Execute a file with a wildcard name in a DOS batch file?

Hope I phrased that question correctly...  I have a file I execute weekly to update several computers.  The file name is always "sdatxxx.exe", where the xxxx is a number.  The number may be more than 4 digits in the future.

I would like to make a batch file I can execute to save several steps.  I can make all the commands, except for the file name.  How can I specify the file name using wildcards?  I tried "sdat****.exe", and that didn't cut it.  That's about the extent of my batch wildcard knowledge!  :-)

So can I use a batch file to execute a file, when the file name changes regularly?  If it makes a difference, I will be executing this file off a CD, and the file will be the only file on the CD.
fever_rcaTechnician Asked:
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AlexFMCommented:
Assuming that there is only one file meeting the sdat* wildcard, this will work:

dir sdat* /B >> tmp.bat
call tmp.bat
fever_rcaTechnician Author Commented:
I didn't explain enough, AlexFM.  I'm trying to execute the file from a CD, which is the D: drive.  With your bat file, it doesn't find the file because it's looking for the file on the C: drive.  The bat file will have to reside on the C: drive of the computers getting updated.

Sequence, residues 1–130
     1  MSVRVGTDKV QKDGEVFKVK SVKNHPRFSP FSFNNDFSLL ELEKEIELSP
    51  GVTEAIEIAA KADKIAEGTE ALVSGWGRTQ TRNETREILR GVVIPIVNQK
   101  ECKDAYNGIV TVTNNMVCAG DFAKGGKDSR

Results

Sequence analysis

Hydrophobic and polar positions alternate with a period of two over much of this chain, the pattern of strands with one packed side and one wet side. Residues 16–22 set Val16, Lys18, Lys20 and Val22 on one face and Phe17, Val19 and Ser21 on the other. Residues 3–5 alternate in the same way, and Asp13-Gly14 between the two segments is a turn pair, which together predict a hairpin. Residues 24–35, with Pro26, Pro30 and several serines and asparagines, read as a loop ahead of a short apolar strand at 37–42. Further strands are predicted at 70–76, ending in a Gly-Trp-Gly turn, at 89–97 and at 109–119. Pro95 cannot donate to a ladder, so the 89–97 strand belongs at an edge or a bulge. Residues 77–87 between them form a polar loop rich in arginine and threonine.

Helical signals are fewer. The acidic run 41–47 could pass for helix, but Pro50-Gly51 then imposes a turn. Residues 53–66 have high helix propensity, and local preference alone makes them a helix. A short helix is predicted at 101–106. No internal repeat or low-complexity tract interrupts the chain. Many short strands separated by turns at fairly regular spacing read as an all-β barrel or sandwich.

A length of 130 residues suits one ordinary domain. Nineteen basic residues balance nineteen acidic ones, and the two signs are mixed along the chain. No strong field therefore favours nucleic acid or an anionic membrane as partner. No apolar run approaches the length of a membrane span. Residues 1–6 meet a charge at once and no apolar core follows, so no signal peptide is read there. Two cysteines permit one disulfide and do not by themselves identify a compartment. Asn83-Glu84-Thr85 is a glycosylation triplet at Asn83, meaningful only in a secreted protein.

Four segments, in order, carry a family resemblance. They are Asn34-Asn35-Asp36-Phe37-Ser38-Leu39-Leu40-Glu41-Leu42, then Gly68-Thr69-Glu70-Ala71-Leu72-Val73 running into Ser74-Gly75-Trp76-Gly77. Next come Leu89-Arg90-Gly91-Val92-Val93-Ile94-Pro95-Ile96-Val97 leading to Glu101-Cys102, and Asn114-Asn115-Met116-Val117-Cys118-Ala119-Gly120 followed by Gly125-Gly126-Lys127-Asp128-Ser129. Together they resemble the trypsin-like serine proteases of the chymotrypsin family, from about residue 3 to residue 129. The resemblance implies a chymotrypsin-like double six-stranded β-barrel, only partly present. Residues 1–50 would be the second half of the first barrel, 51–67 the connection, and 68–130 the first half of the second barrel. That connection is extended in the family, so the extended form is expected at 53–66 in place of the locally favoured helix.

Is there a way to execute the sdat file when it's on the D: drive and the bat file is on the C: drive?

Thanks,
Richard
AlexFMCommented:
This is just an idea, you can make change according to your needs, for example:

dir D:\sdat* /B >> tmp.bat
D:
CD \
call tmp.bat

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fever_rcaTechnician Author Commented:
Cool, I worked it out pretty much like what you suggested.  Here's what worked for me:

del c:\tmp.bat
dir d:\sdat* /B >> C:\tmp.bat
d:
call c:\tmp.bat

I had to put the delete command first.  That's for the next time the batch file is ran, because there's all ready a "tmp.bat" file with a sdat****.exe listed in it.  Otherwise the multiple sdat listing causes the command to endlessly list the file name down the screen.

Thanks for your prompt results!  

Richard
AlexFMCommented:
You can do the same replacing >> with > (overwrite).
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